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I started writing down notes on this film, but would probably have dropped it, not considering it worth mentioning really, one of those run-of-the-mill adventure things. Today I feel compelled, however, to post this, as it is another example of P.S. Hoffman shining brightly.

“Hunger Games – Catching Fire” continues where the first part ended: with hopes of being shown a dystopian adventure quickly shattered (the hopes. The world too, a bit at least.). I am not sure what kind of approach to the film version of these stories I would have really liked, maybe the low-tech approach of the Japanese mother ship was just right to illustrate the lack of hope, the lack of perspective and the fake illusion of splendour. I am not even saying that the books would provide that, I suppose they don’t in their rather straightforward story-telling way. But they provide a guideline for building a movie world on them, and the world I would have liked to see is rather the world of “The Road” than the one of “Fifth Element”. Slick… I think that is the thing that I dislike about these films, they are too slick, too perfectly designed, with a lot of the possible edge polished off.

Illustrative of this is the way that in both films the director appears to lose interest in his work as soon as the actual Games get started. The utter inhumanity and brutality of the concept of such games is mentioned before they get underway, but never materialise once the show starts. I had to think of Oliver Stone’s illustration of what it means to be in the middle of madness in “Platoon” – how can the characters be so violently ripped out of their comfort zones in one case, while they seem to settle in quite comfortably and quickly here, even though in The Hunger Games, death is even more of a certainty than it was in the Vietnamese jungle?

So we follow the expected developments of new costumes for tv presentations, teenager talk about love and friendship, and an oddly relaxed general attitude about the whole thing. Once the Games get started, most participants behave like contestants in Takeshi’s Castle, some do not appear at all and consequently do not behave at all, and some sit around waiting for the finale to give them some dramatic resolution. This is all the more of a shame as this is the last moment the books provide where the exceptional duress of being thrown into such a gladiator game arena is possible. The rest of the story withers away in a not very thick and not very interesting third book. I expect it to be a little like the ill-conceived sequels to Starship Troopers, with pretty young people doing very grown-up stuff in battle, as if they never understood the satire of their own conception.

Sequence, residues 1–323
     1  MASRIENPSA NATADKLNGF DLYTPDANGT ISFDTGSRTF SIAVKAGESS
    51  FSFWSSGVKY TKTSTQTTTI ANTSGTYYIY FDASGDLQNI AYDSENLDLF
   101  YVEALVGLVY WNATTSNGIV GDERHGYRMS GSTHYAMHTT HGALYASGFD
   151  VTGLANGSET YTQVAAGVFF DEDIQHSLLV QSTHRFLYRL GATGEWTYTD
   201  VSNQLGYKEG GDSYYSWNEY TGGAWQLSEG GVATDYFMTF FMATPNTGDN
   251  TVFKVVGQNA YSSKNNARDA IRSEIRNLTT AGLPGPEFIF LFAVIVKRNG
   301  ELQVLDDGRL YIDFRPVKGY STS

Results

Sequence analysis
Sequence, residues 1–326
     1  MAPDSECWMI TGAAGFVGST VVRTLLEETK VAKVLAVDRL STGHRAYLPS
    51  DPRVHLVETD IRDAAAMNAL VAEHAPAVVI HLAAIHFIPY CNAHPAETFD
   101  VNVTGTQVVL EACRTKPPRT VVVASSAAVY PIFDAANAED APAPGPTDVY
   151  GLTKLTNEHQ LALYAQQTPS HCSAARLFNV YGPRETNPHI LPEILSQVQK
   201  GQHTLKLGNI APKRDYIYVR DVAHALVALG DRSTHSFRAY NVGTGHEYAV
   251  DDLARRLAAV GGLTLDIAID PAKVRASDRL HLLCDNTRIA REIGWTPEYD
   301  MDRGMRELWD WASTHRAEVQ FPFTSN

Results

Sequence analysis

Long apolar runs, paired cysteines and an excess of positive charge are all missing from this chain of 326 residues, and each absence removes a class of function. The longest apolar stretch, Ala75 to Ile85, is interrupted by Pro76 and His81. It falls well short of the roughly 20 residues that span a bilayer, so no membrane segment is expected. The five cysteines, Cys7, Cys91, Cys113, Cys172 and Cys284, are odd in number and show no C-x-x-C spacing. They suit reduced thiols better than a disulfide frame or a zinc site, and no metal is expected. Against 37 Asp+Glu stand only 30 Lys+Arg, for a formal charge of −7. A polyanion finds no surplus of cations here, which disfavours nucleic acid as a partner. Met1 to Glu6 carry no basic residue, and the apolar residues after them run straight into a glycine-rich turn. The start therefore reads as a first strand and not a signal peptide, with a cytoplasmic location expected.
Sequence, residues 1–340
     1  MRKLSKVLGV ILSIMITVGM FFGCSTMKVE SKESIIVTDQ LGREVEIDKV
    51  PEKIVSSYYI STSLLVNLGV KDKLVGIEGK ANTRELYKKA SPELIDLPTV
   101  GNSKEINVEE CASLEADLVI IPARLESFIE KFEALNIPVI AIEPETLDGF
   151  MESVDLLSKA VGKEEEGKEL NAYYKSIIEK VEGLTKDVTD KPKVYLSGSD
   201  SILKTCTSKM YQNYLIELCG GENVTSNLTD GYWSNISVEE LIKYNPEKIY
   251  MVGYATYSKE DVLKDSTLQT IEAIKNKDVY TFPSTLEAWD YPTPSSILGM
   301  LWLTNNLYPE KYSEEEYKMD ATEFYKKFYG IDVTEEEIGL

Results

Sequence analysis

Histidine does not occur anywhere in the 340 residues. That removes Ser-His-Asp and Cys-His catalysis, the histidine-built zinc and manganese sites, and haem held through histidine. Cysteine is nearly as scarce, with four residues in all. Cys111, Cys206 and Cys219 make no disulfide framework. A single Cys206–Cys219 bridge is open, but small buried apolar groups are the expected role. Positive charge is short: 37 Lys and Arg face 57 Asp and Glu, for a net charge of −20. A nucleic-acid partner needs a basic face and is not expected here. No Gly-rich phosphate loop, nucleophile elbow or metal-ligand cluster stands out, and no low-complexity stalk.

What will bring me back to the next two films is the cast: There is always a certain pleasure in seeing Jennifer Lawrence earn a lot of money with little effort, she is a pleasant screen presence. Donald Pleasance does his Donald Pleasance thing, and even though there is not so much to do for Woody Harrelson, he provides a necessary element of anarchy to this tidied-up world. Interesting the scene when Philip Seymour Hoffman enters the scene: Immediately he is the centre of gravity, he is physical and casual – he owns the film right away. I was thinking how humbling it must be for most of these other guys in the same room to stand and see how natural a dominance he can develop even with such a small role, and without the over-acting that would have been possible had actors of similar stature but less skill been cast for this (I was honestly checking against possible casting alternatives, and when I reached Pacino, I had to laugh out loud…).

So, fine, let’s see how they bring this to an end, I do not expect much, but under the best of circumstances, I will get to see some more isolated interesting acting, and certainly some teenager shying away from dramatic kisses. Maybe I am not the target group, after all…

One Comment

  1. Good review Thomas. The first one still felt a bit better in my eyes, however, I appreciate this one for at least going out there and trying to tackle a larger story than I could have ever expected.

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